Archaeology and the Letters of Paul
This item is a print on demand title and will be dispatched in 1-3 weeks.
Paperback / softback
Publisher: Oxford University Press
Number of Pages: 336
Width: 15.6 cm
Height: 23.5 cm
Archaeology and the Letters of Paul illuminates the social, political, economic, and religious lives of those to whom the apostle Paul wrote. Roman Ephesos provides evidence of slave traders and the regulation of slaves; it is a likely setting for household of Philemon, to whom a letter about the slave Onesimus is addressed. In Galatia, an inscription seeks to restrain the demands of travelling Roman officials, illuminating how the apostolic travels of Paul, Cephas, and others disrupted communities. At Philippi, a list of donations from the cult of Silvanus demonstrates the benefactions of a community that, like those in Christ, sought to share abundance in the midst of economic limitations. In Corinth, a landscape of grief extends from monuments to the bones of the dead, and provides a context in which to understand Corinthian practices of baptism on behalf of the dead and the provocative idea that one could live "as if not" mourning or rejoicing. Rome and the Letter to the Romans are the grounds for an investigation of ideas of time and race not only in the first century, when we find an Egyptian obelisk inserted as a timepiece into the mausoleum complex of Augustus, but also of a new Rome under Mussolini that claimed the continuity of Roman racial identity from antiquity to his time and sought to excise Jews. Thessalonike and the early Christian literature associated with the city demonstrates what is done out of love for Paul-invention of letters, legends, and cult in his name. The book articulates a method for bringing together biblical texts with archaeological remains. This method reconstructs the lives of the many adelphoi ——brothers and sisters—— whom Paul and his co-writers address. Its project is informed by feminist historiography and gains inspiration from thinkers such as Claudia Rankine, Judith Butler, Giorgio Agamben, Wendy Brown, and Katie Lofton.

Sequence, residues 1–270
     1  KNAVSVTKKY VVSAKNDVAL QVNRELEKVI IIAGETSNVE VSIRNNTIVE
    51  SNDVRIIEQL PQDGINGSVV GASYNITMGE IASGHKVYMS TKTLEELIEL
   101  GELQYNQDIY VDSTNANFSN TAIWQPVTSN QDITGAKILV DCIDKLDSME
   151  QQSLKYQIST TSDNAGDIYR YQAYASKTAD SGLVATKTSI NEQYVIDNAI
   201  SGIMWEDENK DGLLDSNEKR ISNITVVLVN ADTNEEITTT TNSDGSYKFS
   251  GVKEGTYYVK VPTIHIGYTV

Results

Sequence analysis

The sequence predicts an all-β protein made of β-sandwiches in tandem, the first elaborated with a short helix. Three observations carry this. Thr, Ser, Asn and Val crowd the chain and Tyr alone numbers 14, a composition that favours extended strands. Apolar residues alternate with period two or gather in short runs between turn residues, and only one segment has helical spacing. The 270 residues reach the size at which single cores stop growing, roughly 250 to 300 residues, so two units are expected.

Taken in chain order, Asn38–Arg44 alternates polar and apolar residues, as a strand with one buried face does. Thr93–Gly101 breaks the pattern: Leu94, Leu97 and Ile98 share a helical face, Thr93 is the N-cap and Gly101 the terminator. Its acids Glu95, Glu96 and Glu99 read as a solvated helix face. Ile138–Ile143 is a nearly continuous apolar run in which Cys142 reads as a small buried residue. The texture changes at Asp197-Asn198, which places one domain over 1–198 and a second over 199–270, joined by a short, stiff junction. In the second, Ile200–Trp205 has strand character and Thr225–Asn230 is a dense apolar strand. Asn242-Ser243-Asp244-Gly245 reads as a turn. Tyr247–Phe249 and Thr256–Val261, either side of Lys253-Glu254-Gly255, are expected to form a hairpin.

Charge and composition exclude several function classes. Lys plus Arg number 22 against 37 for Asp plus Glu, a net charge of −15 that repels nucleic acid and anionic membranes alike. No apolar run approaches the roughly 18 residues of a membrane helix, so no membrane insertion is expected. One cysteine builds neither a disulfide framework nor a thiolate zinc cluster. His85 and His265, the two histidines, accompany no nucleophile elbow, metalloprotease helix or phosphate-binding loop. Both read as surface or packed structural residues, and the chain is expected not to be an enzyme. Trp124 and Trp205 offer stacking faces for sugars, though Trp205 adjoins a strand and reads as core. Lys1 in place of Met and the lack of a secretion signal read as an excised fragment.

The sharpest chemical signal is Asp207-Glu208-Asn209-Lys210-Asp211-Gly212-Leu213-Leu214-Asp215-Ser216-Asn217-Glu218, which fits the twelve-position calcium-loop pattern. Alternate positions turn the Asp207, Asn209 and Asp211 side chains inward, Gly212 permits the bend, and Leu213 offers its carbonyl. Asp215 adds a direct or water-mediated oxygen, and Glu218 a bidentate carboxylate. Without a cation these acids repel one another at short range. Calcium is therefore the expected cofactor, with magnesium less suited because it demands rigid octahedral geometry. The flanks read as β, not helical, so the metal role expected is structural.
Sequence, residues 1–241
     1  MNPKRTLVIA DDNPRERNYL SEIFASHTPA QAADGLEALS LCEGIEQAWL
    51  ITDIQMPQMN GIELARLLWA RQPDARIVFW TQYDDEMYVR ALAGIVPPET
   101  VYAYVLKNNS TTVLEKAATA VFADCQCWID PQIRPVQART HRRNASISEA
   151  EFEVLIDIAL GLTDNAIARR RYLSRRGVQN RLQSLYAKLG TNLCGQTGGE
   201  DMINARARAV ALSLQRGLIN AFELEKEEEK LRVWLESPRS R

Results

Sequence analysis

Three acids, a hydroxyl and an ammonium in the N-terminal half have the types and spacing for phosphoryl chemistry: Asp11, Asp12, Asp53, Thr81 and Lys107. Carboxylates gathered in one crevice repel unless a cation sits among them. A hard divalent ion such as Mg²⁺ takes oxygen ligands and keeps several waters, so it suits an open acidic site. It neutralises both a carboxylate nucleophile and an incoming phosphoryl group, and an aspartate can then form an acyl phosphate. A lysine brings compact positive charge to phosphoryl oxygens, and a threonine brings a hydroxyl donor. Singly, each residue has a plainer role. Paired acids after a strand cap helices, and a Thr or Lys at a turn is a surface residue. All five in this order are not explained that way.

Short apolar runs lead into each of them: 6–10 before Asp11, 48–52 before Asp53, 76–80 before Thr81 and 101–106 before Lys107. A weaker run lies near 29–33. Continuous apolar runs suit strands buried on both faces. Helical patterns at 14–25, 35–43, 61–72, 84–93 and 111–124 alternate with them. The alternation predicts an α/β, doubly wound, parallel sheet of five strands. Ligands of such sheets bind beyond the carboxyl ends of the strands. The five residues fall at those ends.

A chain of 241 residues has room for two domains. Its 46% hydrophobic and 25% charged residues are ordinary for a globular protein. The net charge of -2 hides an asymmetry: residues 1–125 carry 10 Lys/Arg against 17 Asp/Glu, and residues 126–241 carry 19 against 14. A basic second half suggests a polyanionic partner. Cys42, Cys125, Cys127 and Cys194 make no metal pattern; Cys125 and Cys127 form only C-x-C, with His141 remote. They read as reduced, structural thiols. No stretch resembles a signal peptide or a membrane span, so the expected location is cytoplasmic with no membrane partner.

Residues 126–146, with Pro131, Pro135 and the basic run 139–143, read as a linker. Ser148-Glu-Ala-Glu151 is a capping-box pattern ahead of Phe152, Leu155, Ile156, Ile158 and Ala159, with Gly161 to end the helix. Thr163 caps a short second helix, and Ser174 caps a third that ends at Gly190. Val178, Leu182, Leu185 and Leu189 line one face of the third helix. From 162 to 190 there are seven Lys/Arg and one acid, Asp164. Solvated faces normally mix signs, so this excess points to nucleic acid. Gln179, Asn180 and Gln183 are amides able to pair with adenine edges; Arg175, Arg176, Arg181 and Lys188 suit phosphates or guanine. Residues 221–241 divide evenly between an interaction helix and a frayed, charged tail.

An interesting and wide-ranging volume that attempts to bring together work on Pauline epistles and on Greek and Roman archaeology with contributions from recent feminist and post-colonial theory. * BENJAMIN EDSALL, The Classical Review * I recommend the book: it is filled with data and synthesis and will greatly repay academic students of Paul and the New Testament. * James B Prothro, Religious Studies Review * Recommended. * J.R. Asher, CHOICE * There is much more to all the chapters than a review can present. * Carolyn Osiek, Brite Divinity School, Biblical Theology Bulletin * The author's voice is poetic and reflective, making this work delightfully more than a typical "archaeology book."...In addition to Nasrallah's erudite presentation of archaeological data, her methodology makes Archaeology of the Letters of Paul recommended and essential reading for people interested in the material and social history of early Christ-beievers. * Jason Borges, Durham University * ...this is now the best book I know of on this topic. I expect to use it soon and often in the study and in the classroom, and I would encourage interested others to do likewise. * Matthew V. Novenson, Strata * N[asrallah] writes as a biblical scholar, writing for biblical students and scholars...Overall, N[asrallah] raises good questions that are rarely asked in the way she does * Thomas W. Davis, Tandy Institute of Archaeology, Southwestern Baptist Theological Seminary, The Catholic Biblical Quarterly * [An] ... interesting, erudite, and distinctive book. * Bruce W. Longenecker, Bryn Mawr Classical Review *